• Migration is, in many African cultures, part and parcel of the initiation rites of the younger generation. They have to prove that they are responsible adults by living for some years in a foreign country.
Currently, the largest movements of populations are taking place within the African continent, often within the same country as so-called IDPs (Internally Displaced Persons), or in other cases between neighbouring countries as cross-border refugees. The main reasons for leaving their homes are violent conflicts and natural disasters. Some examples of these mass migrations and their causes include:
• Repressive regimes that have pushed some 3 million Zimbabweans into South Africa and about 321, 000 Eritreans into Sudan, the Near East, and Europe.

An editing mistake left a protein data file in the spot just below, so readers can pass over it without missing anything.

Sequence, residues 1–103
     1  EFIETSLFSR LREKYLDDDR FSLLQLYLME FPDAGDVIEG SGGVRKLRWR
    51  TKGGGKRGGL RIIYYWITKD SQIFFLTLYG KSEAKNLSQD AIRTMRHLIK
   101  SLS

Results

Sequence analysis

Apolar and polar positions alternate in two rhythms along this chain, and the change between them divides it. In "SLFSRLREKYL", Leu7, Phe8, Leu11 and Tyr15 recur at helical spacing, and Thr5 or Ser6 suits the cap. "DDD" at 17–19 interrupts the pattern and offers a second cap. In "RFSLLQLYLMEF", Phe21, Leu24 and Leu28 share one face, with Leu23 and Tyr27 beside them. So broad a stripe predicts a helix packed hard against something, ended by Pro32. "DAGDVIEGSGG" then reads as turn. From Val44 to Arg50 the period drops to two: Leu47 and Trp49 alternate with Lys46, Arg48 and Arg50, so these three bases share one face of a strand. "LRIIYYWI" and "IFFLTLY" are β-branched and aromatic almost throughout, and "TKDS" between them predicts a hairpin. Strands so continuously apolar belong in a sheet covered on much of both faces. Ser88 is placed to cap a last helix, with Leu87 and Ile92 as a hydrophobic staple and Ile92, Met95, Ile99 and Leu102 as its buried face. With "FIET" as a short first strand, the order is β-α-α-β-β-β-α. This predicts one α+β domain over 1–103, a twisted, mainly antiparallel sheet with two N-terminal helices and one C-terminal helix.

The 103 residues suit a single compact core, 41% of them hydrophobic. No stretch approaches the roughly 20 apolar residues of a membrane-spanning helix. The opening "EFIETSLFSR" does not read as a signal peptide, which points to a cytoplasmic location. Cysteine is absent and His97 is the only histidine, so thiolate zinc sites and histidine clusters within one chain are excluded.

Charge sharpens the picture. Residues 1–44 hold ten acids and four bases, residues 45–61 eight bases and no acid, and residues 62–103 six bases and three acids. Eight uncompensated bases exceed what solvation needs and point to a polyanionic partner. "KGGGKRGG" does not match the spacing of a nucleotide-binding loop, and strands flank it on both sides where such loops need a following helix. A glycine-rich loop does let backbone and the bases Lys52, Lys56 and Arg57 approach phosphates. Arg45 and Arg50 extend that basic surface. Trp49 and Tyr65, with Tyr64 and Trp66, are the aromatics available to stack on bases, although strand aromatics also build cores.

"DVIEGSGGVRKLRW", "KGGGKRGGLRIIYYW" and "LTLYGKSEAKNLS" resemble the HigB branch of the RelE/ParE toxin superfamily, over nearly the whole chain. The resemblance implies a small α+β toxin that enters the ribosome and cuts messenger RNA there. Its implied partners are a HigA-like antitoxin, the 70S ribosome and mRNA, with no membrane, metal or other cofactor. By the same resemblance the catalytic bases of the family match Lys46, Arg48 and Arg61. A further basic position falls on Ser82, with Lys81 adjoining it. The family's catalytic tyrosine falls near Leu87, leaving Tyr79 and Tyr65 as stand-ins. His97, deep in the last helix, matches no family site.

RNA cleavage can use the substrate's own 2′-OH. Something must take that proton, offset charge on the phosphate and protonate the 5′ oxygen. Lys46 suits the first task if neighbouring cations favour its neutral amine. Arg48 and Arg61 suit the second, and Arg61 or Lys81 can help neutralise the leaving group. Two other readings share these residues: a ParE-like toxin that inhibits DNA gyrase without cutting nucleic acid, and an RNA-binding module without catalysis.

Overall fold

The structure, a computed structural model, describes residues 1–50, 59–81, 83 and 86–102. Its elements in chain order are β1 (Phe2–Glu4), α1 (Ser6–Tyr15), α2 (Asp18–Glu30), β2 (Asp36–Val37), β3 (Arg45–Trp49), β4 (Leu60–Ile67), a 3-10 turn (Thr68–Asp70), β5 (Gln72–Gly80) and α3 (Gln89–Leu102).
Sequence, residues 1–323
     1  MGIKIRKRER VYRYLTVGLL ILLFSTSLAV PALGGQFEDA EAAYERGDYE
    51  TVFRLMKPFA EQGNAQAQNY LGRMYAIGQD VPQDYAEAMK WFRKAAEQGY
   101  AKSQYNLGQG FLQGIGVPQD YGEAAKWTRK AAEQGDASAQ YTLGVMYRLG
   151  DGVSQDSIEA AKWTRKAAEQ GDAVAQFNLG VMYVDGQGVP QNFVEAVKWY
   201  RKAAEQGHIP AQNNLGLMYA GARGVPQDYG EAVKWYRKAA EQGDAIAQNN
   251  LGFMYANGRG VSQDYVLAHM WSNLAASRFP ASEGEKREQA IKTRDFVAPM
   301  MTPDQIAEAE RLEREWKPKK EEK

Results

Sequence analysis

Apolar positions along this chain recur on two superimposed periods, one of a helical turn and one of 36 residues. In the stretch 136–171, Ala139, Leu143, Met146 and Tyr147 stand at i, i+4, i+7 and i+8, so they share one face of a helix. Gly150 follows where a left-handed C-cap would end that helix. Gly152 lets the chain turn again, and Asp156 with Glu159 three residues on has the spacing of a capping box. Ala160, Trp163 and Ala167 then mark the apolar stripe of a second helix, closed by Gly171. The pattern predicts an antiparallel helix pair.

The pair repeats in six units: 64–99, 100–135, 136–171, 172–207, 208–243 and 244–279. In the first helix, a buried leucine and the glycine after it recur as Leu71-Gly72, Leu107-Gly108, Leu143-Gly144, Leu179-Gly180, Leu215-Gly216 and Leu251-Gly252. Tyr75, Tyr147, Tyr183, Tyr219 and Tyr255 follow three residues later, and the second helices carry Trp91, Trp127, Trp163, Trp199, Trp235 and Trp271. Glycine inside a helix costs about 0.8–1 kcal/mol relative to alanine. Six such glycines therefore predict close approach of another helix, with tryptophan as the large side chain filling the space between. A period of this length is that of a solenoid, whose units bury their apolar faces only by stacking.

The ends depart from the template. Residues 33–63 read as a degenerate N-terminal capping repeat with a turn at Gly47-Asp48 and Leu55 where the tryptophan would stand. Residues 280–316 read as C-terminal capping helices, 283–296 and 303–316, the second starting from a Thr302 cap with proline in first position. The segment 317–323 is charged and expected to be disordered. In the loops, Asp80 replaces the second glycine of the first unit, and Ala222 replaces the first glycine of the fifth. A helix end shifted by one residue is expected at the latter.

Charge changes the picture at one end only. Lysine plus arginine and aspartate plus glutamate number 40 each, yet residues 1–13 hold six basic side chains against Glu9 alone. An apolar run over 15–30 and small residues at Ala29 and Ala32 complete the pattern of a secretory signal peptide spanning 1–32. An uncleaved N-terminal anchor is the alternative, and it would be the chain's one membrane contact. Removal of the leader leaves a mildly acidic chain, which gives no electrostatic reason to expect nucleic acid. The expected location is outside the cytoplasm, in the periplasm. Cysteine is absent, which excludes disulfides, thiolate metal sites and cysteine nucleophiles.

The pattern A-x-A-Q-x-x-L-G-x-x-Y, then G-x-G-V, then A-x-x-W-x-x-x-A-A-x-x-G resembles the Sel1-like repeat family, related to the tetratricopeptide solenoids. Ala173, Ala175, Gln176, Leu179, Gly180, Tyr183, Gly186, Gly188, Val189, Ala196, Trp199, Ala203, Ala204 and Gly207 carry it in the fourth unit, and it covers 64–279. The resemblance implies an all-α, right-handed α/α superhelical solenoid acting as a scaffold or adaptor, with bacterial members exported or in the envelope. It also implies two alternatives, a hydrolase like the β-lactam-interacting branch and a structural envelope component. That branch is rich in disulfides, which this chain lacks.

• Civil war, massacres and the horrors of genocides like that seen in 1994, which forced more than 3 million Rwandese to flee into the neighbouring countries of Tanzania and Congo.
• External aggressions and internal conflicts which have made 2.4 million Congolese refugees and migrants in their own country.
• Others are those who flee from chaos of failed states exemplified by the case of Somalia that has resulted into the biggest refugee camp in the world, Dadaab in Kenya, which houses about 400,000 refugees.